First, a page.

The efficacy of multi-leaf collimator in the reduction of cardiac and coronary artery dose in left-sided breast cancer radiotherapy
Leili Mahani1, Arezoo Kazemzadeh1, Mohsen Saeb2, Mahsa Kianinia1, Ali Akhavan1
1 Department of Radio-Oncology, Seyed-Al-Shohada Hospital, Isfahan University of Medical Sciences, Isfahan, Iran
2 Department of Radio-Oncology, Seyed-Al-Shohada Hospital; Department of Medical Physics, School of Medicine, Isfahan University of Medical Sciences, Isfahan, Iran
|Date of Submission||25-Oct-2021|
|Date of Acceptance||13-Jun-2022|
|Date of Web Publication||25-Apr-2023|
Dr. Mohsen Saeb
Department of Radio- Oncology, Seyed-Al-Shohada Hospital, Isfahan University of Medical Sciences, Isfahan
Source of Support: None, Conflict of Interest: None
Background: Multi-leaf collimator (MLC) is one of the efficient and cost-effective methods for protecting sensitive tissues around the target. This study aimed to evaluate the protective effect of MLC on the protection of sensitive organs in patients with left breast cancer.
Materials and Methods: This study was performed on computed tomography (CT) scans of 45 patients with left breast cancer. Two treatment plans were completed for each patient. Only the heart and left lung were considered organs at risk in the first treatment plan, and in the second treatment plan, the left anterior descending artery (LAD) was also considered the organ at risk. It was covered as much as possible by the MLC. Dosimetric results of tumor and organ at risk (OARs) were extracted from the dose-volume histogram and compared.
Results: The results showed that more LAD coverage by MLC leads to a significant reduction in the mean dose of OARs (P-value <0.05). The mean dose for heart, LAD, and left lung decreased by 11%, 7.4%, and 4.9%, respectively. The values of V5 (volume received the dose of 5 Gy) and V20 for the lung, V10, V25, and V30 for LAD, and V5, V20, V25, and V30 for the heart also decreased significantly (P-value <0.05).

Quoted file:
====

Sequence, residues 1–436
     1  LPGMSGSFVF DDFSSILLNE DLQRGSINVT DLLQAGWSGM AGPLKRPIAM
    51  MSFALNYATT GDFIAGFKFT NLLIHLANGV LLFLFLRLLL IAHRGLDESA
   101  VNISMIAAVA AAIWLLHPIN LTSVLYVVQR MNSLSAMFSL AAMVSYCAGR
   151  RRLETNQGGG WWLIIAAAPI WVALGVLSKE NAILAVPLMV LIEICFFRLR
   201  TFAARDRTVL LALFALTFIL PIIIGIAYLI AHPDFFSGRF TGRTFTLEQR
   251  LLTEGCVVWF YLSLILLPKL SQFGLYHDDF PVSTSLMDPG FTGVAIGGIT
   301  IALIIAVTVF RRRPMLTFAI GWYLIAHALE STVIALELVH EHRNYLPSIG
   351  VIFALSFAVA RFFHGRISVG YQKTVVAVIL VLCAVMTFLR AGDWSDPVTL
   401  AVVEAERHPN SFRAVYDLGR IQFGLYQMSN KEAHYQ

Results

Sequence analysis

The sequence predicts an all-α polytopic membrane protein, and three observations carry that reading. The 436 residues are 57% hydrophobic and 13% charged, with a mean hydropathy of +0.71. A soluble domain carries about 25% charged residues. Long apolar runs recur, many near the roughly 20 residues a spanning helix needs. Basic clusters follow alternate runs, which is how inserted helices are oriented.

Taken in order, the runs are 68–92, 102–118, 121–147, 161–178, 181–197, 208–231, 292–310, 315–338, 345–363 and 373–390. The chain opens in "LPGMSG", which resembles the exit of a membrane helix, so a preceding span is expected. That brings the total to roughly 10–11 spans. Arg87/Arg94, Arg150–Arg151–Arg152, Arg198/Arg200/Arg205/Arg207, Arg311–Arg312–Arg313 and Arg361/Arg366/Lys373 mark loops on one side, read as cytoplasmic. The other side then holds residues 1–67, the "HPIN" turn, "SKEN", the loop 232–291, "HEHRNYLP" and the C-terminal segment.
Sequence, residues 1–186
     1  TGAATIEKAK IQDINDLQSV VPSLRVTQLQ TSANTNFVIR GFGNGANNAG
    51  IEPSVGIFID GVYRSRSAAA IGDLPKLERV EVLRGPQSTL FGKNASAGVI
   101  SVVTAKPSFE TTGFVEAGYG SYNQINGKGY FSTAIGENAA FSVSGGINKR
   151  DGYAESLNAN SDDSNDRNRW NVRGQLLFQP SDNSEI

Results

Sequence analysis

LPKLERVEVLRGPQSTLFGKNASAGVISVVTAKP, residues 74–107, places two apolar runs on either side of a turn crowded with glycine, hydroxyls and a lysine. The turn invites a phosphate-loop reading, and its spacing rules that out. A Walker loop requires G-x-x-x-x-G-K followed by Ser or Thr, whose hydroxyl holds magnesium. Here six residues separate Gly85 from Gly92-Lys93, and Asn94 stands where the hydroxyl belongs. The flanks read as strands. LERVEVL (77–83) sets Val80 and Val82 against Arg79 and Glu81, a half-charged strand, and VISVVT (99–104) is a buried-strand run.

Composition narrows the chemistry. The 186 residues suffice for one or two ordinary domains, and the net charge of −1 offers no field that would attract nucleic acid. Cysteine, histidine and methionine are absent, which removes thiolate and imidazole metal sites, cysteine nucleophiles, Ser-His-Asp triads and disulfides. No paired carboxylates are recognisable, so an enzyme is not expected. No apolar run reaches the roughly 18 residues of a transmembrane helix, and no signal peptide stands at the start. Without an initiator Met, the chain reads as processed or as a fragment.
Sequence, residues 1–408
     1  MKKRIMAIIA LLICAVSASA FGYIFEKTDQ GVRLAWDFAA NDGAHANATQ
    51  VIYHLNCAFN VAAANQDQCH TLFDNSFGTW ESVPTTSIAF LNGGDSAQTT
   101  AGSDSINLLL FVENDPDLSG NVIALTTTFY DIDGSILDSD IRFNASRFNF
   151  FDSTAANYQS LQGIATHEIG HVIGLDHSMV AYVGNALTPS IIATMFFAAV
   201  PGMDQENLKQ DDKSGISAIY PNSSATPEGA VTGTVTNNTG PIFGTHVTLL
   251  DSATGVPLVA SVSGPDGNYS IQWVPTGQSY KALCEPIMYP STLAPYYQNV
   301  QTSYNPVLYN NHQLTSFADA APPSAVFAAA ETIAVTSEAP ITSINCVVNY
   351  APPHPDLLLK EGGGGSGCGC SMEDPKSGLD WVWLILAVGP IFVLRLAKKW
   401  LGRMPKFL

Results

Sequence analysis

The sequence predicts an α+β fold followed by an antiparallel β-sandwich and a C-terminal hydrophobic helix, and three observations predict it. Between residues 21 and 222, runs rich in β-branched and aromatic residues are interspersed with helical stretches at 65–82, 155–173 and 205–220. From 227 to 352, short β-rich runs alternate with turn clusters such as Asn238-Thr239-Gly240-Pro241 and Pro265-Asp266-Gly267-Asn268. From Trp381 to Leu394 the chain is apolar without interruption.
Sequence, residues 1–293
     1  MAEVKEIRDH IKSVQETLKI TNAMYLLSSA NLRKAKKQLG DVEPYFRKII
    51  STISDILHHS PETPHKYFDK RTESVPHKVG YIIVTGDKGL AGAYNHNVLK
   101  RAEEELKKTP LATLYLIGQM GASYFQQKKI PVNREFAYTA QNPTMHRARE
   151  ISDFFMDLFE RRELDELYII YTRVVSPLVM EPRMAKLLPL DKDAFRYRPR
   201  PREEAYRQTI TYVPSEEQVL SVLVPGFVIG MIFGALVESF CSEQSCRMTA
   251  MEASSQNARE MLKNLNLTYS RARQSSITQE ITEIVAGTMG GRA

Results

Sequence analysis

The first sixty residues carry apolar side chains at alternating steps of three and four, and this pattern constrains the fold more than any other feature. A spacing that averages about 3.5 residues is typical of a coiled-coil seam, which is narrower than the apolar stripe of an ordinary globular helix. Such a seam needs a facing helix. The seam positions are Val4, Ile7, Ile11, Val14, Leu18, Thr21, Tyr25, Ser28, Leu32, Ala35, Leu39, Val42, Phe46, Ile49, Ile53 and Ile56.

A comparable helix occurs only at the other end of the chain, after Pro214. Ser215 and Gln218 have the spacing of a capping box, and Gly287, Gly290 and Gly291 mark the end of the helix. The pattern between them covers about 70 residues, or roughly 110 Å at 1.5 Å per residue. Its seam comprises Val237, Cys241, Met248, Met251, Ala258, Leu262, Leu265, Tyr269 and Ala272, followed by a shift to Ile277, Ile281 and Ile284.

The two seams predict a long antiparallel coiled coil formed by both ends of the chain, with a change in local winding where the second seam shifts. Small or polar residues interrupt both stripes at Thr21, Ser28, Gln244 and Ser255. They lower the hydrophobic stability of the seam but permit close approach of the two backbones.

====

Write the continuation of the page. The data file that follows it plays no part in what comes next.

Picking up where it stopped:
Conclusions: In general, better protection of LAD, heart, and lungs can be achieved by maximal shielding organs at risk by MLC in radiation therapy for patients with left breast cancer.
Keywords: Breast neoplasms, cardiotoxicity, conformal, radiotherapy
|How to cite this article:|
Mahani L, Kazemzadeh A, Saeb M, Kianinia M, Akhavan A. The efficacy of multi-leaf collimator in the reduction of cardiac and coronary artery dose in left-sided breast cancer radiotherapy. Adv Biomed Res 2023;12:89
|How to cite this URL:|
Mahani L, Kazemzadeh A, Saeb M, Kianinia M, Akhavan A. The efficacy of multi-leaf collimator in the reduction of cardiac and coronary artery dose in left-sided breast cancer radiotherapy. Adv Biomed Res [serial online] 2023 [cited 2023 Oct 2];12:89. Available from: https://www.advbiores.net/text.asp?2023/12/1/89/374526
| Introduction|| |
Breast cancer is one of the most common cancers in the world. About 271,000 new cases of this cancer are reported worldwide each year. One of the treatment methods for breast cancer patients is radiation therapy, in which the preservation of critical organs, including the heart and lungs, is of particular importance. Long-term studies have shown an increase in cardiac risk in patients after radiation therapy, which is proportional to the average dose received by the heart during radiation therapy. Also, cardiac hazards caused by radiation therapy occur several years after treatment.,
One of the essential mechanisms of radiation-induced heart complications is damage to the heart's arteries. The left anterior descending artery (LAD) is mainly irradiated among the coronary arteries due to its anatomical position, thus reducing its dose is essential., Initial set-up such as the prone position of patients, or techniques such as deep inspiration breath holding (DIBH), for reducing heart volume in the treatment field, results in a reduction of heart dose.,
In a study by Testolin et al., using the DIBH technique, the dose reached the heart and LAD were significantly reduced, and also, the maximum dose reached LAD was reported to be 20 Gy. Because applying the DIBH technique requires special equipment or training of patients on how to hold their breath, it is impossible to implement this technique in centers with many patients and limited facilities.
Another method that can reduce the dose of LAD is the heart and LAD shielding using a multi-leaf collimator (MLC). For example, Welsh et al. reported using this technique to reduce the mean heart and LAD doses by 23 and 45%, respectively. This study aimed to evaluate the reduction of LAD and heart dose in patients with left breast cancer using MLC shielding to be used as an alternative to the DIBH technique.